The dominant factor that determines the climate of the State of California is the variation in N. Pacific Ocean temperatures related to the PDO. This has been clearly demonstrated by an analysis of the long term minimum temperature data from 34 widely spaced California weather stations. The PDO record provides a baseline that can be used to identify urban heat island effects and anomalous data in the station records. This provides a powerful technique for investigating climate change in California and may be extended to other Western States and other areas of the world where there is an ocean influence on the climate that may be used to provide a local reference. Unexplained ‘adjustments’ made to weather station records for use in climate trend analysis have now become a major concern.[7,8] This technique may also provide an independent reference for the analysis of climate trends in weather station data to detect such ‘adjustments’. This analysis used a simple linear fit to the station data. By combining the weather station data with other meteorological data and climate simulations, a more detailed analysis of the effect the PDO and other factors on the climate of the State of California may be performed. However, this is not a ‘one size fits all’ approach and each data set needs to be examined carefully on a case by case basis to evaluate all of the factors that may bias the data. These results also confirm earlier work which demonstrated that it was impossible for the observed changes in atmospheric CO2 concentration to cause any climate change. There is no CO2 ‘signature’ in any of the temperature records that were analyzed. The recent decrease in the PDO with the triple peak ‘signature’ from 1985 onwards is clearly visible in most of the temperature data sets. Predictions for CO2 induced global warming indicate a monotonically increasing ‘equilibrium surface temperature’ for this period. The empirical concept of CO2 induced global warming has no basis in the physical reality of climate change.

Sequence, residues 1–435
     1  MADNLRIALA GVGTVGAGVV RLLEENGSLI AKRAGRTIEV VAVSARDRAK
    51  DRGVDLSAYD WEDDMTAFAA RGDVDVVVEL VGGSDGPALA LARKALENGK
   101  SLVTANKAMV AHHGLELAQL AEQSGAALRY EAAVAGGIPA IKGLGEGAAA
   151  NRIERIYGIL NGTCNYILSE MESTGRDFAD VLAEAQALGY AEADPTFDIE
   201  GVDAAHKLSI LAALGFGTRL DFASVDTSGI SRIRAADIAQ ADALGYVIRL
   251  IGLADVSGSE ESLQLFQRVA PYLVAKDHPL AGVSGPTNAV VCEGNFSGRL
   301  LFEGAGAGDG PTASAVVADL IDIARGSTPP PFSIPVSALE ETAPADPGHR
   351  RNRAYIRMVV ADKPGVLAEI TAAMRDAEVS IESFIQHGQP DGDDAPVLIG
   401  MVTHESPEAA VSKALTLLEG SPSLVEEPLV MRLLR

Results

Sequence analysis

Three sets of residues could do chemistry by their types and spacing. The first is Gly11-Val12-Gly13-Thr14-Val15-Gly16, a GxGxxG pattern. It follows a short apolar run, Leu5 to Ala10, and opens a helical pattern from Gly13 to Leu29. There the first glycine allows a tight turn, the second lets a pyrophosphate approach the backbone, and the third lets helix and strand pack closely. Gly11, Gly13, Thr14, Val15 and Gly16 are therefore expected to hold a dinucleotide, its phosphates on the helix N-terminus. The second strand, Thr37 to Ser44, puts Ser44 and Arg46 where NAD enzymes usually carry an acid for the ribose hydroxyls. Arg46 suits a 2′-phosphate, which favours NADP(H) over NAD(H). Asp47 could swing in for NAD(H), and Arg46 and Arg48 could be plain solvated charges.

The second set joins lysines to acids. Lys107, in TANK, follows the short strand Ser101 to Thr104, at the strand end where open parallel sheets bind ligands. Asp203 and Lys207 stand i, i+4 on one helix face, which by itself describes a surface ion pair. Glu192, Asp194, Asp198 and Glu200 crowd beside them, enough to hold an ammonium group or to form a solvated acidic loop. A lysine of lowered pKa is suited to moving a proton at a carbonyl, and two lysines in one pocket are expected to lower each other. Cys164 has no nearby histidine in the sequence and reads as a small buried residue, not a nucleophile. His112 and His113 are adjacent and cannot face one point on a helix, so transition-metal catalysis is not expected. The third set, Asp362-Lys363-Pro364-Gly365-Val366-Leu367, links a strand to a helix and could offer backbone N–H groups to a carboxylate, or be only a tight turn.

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Initial guidance to obtain representative meteorological observations at urban sites’, World Meteorological Association, 2006.
2. Clark, R., Energy and Environment
21(4) 171-200 (2010), ‘A null hypothesis for CO2’.
3. D’Aleo, J Effects of AMO and PDO on temperatures Intellicast, May 2008. http://www.intellicast.com/Community/Content.aspx?a=127.
4. http://www.wrcc.dri.edu/Climsum.html Western Region climate data.
5. http://www.piercecollegeweather.com/ Pierce College weather station data.
6. http://jisao.washington.edu/pdo/PDO.latest, Pacific Decadal Index from 1900.
7. D’Aleo, J. ‘
Progressive Enhancement of Global Temperature Trends’, Science and Public Policy Institute, July 2010. http://scienceandpublicpolicy.org/originals/progressive_enhancement.html.
8. Quayle, R. G., Easterlin, D. R., Karl, T. R. and Hughes, P. Y., Effects of recent thermometer changes in the cooperative station network, Bull. Amer. Met. Soc., 1991,